How one shall break the four openings

If you will reckon to break the four openings, double above, transform below right. I say to you be aware onward, you shoot no man without driving, if you've reached, make a close hit, he won't advance

Analysis

When you have struck a first, if you then reckon to wind artfully to his four openings, that he must let you strike as you please, then drive a double against the strong of his sword and then transform when he is weak at the sword, thus I say onward be aware that he won't be able to shoot in the before as he wants, and thereby not come to strike.

How you shall drive the Doubling to both sides

Mark when he strikes high to you from his right shoulder, then also strike similarly strong and high from your right to his head, if he displaces and stays strong on the sword, then drive on Just Then with your arms and thrust your sword's pommel under your right arm with your left hand, and with crossed arms strike the long edge behind his sword's blade onto his head.

Another

If he strikes high to your head with the long edge from his left shoulder, then do the same, onward if he then stays strong on the sword, then drive your arms quickly and strike with the short edge behind his sword's blade to his head

This is a meaningful lesson in the hanging and the winding of the sword, which you shall raise and judge so that you can nimbly lead and thus break against one's opponent fencer's elements rightly, driving against him artfully. The hangings are four, the Ox above on both sides, these are the upper two hangings, and the plough below on both sides, these are the lower two hangings. From the four hangings you shall bring eight windings, four from the Ox and four from the Plough, and these same eight windings should you go on, thus consider and judge that you shall drive the three wisdoms from every winding, that is one strike, one stab, one cut.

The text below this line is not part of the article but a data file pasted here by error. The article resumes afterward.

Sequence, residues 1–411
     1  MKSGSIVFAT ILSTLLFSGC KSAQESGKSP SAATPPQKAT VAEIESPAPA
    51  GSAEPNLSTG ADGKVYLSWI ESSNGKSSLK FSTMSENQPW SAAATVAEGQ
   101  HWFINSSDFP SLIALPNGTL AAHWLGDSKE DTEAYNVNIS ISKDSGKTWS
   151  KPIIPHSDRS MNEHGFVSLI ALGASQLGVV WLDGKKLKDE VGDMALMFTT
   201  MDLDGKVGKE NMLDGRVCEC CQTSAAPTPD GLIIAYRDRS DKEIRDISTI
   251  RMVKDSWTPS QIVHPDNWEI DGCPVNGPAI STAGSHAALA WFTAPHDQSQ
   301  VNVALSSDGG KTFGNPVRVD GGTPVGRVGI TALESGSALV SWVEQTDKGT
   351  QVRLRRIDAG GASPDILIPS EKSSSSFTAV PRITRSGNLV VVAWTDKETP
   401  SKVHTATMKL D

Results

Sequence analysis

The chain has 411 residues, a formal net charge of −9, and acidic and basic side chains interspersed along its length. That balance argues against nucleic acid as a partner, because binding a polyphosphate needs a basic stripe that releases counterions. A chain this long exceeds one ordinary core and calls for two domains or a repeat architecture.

How one shall drive the four windings from the two upper hangings that is the Ox from both sides.

How you drive the first two windings from the Ox only on the right side is thus:

When you come to him in pre-fencing, then stand with the left foot forward and hold your sword before your head to your right side in the Ox. If he strikes one high to you from his right side, then wind the short edge on his sword to your left side in his strike into the Ox and stab him one high to the face, that is one winding. If he then displaces the stab with strength and forces your sword to the side, then stay on the sword and wind again to your right side into the Ox and stab him high to the face. These are the two windings on the sword from the one high hanging on the right side.